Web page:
His wife, Marianna Bonomo, however arrived in South Africa by air into Johannesburg on the 31.3.96, and left the country the same way as her father and husband.

As already indicated previously, following lengthy investigations and information gathering, Inspector Smith had more or less with Lincoln’s backing, planned a search at Palazzolo’s farm “La Terre de Luc” in Franschoek near Cape Town, as there were well-grounded suspicions that certain Sicilian fugitives from justice were hiding there.

The procedures and the outcome of this operation are recorded in Smith’s statements, as well as from the Note on file (document no.7 in bundle), which was acquired with the consent of both parties and therefore usable.

This Note was written by Smith in the Office of the Investigation Division into Organised Crime dated 18.6.96, and signed by Smith and Director Lincoln. This information was formalised and forwarded to the SCO of the Italian Police, via Interpol.

The search operation was conducted simultaneously on Palazzolo’s residence and the Morettino’s home (at 13-15 Quebec Street), already referred to previously. Inspector Smith personally coordinated the search at Palazzolo’s farm, while other officers carried out the search at the Morettino’s home.

It is worth noting that the latter search bore no results as the police officers found the doors closed and no-one at home. The presence of Smith on the other hand meant that the search at Palazzolo’s residence bore very different results, as can be seen from the Note on file, that was fully confirmed by the witness during the hearing:

On the 15/06/1996, around 16h00, a police operation was carried out at the “La Terre de Luc” farm, and the other homes indicated under paragraph 9. The undersigned conducted the operation with the support of armed members of the South African Police. During the search, the undersigned questioned Hans, the factory manager, who admitted that three (3) Italians and two (2) children were staying in two different houses behind the farm. He mentioned that there was an elderly short man with a solid build, who had been introduced as Giovanni, an Italian wine producer who was doing some research on bottling and exporting wine to Italy. According to Hans, this Italian man was staying in the house alone. The bedroom was inspected. The built in cupboard was full of hanging clothes, and it seemed clear that someone else was also staying there. I checked the make of the clothes and found that they were of Italian manufacture and design. I checked the bathroom and the bathtub and basins that were dry. The sink in the kitchen was also dry and the house clean. I found a small piece of torn paper near the telephone, with the name “Vito” written on it and the telephone number 0836547731. I seized this paper because the writing seemed to belong to an elderly person. I continued and asked Hans where the other people were sleeping, and he cooperated showing me where. I conducted a similar inspection and found the cupboard was full of men’s women and children’s clothes. From the nappies that were among the clothes, I understood that there was a small baby with them. At this point I was fully convinced that the fugitives were staying here, even though they seemed to have left the farm in a hurry, without taking any clothes with them. An inspection of the bathroom and kitchen did not show any traces of recent occupation. In the washing machine drum I found a dirty nappy with dry urine”.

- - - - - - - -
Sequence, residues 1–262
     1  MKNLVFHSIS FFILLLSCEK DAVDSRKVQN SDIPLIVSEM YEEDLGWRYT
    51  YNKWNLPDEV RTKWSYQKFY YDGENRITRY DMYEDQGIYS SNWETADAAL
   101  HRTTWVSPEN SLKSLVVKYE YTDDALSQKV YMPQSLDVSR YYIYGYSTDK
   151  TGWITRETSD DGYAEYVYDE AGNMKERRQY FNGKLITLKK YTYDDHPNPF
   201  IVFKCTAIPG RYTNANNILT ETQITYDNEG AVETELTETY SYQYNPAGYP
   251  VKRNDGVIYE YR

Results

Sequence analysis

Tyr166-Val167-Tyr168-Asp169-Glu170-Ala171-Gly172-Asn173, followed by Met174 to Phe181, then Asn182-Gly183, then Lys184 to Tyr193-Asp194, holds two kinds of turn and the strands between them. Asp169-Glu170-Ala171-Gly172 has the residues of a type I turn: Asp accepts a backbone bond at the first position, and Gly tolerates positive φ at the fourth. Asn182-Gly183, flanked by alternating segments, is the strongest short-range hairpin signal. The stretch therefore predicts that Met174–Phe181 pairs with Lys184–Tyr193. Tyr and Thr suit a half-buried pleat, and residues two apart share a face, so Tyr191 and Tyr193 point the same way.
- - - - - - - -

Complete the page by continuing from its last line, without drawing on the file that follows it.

On the basis of Smith’s report, the result of the search conducted on 15 June 1996 clearly showed that an Italian elderly man called Giovanni, and a couple with a small child still in nappies (exactly like Gelardi’s family, who was with his wife Marianna Bonomo and their young daughter) had recently been in Palazzolo’s guest houses.